About awards: Blogger Awards
About “likes”:   Of “Likes”, Subscriptions, and Stuff

Note: to those who may click on “like”, or rate the post; if you do not hear from me, know that I am sincerely appreciative, and I thank you for noticing what I do.

. . .  my FP ward  . . . chieken shit.

Finally, if you interpret anything on this blog as me asking or wanting pity, sympathy, or complaining about my life, or asking for help and advice, know you’re likely missing my subtle mix of irony, sarcasm, and humor.

About disperser

Odd guy with odd views living an odd life during odd times.
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13 Responses to Project 313 – Post No. 057

  1. Learning stuff is a chore. Best form of teaching is to provide inspiration and to provide a signpost service.

    Like

    • disperser says:

      Inspiration or incentives? I ask because there’s plenty of inspiration to go around . . . literally thousands of years worth of inspirations from all corners of our spherical world and covering any and all possible areas of interest.

      Come to think of it, there are already lots of incentives. Perhaps what’s needed is motivation . . . but for that, you need to inspire . . . it’s a vicious circle, I tell you.

      Liked by 1 person

  2. Debbie says:

    I agree. Learning is “work” even when it’s something you really want to know. You have to incorporate new stuff into your being. Learning changes who you are.
    I agree it’s not just laziness but also fear – fear of the unknown and of where it might take you. But what you don’t know CAN hurt you.
    As the saying goes, the more you know the more you realize how much you don’t know. That might make some people uneasy.

    Like

    • disperser says:

      Imagine knowledge as a circular area . . . you know everything within it and don’t know anything outside of it. The boundary, the circumference of the circle, represents your awareness of what you don’t know.

      If your circle is small, you’re right to assume there’s not much more to know; the periphery, after all, is small. As you increase knowledge (the area of the circle) the periphery (circumference) also increases.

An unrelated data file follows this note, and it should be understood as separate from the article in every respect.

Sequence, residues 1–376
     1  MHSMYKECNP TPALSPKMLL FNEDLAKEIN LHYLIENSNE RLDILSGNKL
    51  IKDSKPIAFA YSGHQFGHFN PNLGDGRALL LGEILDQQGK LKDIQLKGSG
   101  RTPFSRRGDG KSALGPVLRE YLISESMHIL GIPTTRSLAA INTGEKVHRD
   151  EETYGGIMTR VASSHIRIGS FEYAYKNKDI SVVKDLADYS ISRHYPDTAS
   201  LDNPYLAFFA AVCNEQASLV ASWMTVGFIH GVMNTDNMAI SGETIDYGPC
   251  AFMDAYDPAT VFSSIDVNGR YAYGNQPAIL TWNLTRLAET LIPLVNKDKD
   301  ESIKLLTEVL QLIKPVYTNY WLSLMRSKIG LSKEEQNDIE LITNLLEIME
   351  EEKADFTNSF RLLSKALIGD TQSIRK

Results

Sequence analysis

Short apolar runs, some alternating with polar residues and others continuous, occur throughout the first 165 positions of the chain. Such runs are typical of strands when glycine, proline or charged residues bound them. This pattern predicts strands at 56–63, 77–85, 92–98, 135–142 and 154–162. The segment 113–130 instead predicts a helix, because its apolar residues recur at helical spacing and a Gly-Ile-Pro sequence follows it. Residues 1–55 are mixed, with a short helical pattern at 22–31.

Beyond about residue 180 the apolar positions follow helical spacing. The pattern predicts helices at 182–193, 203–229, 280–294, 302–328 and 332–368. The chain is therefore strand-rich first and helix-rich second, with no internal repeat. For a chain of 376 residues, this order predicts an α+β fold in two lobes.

It really does mean that the more you know, the more you realize you don’t know . . . because the larger the circle of knowledge, the bigger the circumference or ignorance.

      So, paradoxically, the way to feel very smart is to not know much. The more ignorant the person, the more confidence they have in what little they do know.

      My personal belief is that every religion is based on this little mental sleight-of-hand. That’s why all the religions caution you against questioning things and are especially against learning; they teach that there’s nothing beyond the edge of the circle and they each define their own circle.

      Sadly, the same approach is employed in politics and the workings of every group, large or small.

      What made us successful as a species — group identity and cooperation — is now used against our continued progress. I mean, there’s nothing wrong with group identity and cooperation . . . the problem comes in when people invent their own groups as opposed to realizing there really is only one group.

      Like

  3. I love to learn. Even when it is hard, I keep trying. And I love to teach people who want to learn. I always tried to make learning fun and interesting. And as a teacher I was a good at encouraging my students…kids and adults.
    People who stay in their ignorance by choice or who are apathetic bother me.

    PHOTO: OOH! Love the quilt! Great job, Melisa! I’ve made a few quilts…one was handmade/hand stitched and the others I made on a sewing machine.
    CARTOON: True dat!
    DOODLE: “My what big eyes you have!” “The better to see you with!”

    HUGS!!! :-)

    Like

    • disperser says:

      That quilt and another one that she is working on is almost all by hand. Many Hawaiian quilts are done by hand and that’s what she’s trying right now.

      As for choosing to be ignorant . . . it used to bother me. It still can if it’s someone I care about. One of the reasons I don’t typically get too friendly with certain people (people with strong religious, political, or social convictions).

      Thanks, Carolyn and hope your weekend is going well.

      Liked by 2 people

      • I admire what Melisa is doing! :-)
        My first and only handmade quilt was the size of a full size bed. I should have started with something simpler and smaller like a pot-holder (HA!) or a table runner or a crib sized quilt. :-)

        Liked by 1 person

  4. I prefer the medical treatment I’ve received, to hell with that alternative rubbish. I’d have been dead long ago, had I have gone for that stuff, no worries.
    As you know I’m not into this learning business either, ignorance is bliss, thats why I check out all your posts, Ha!

    Like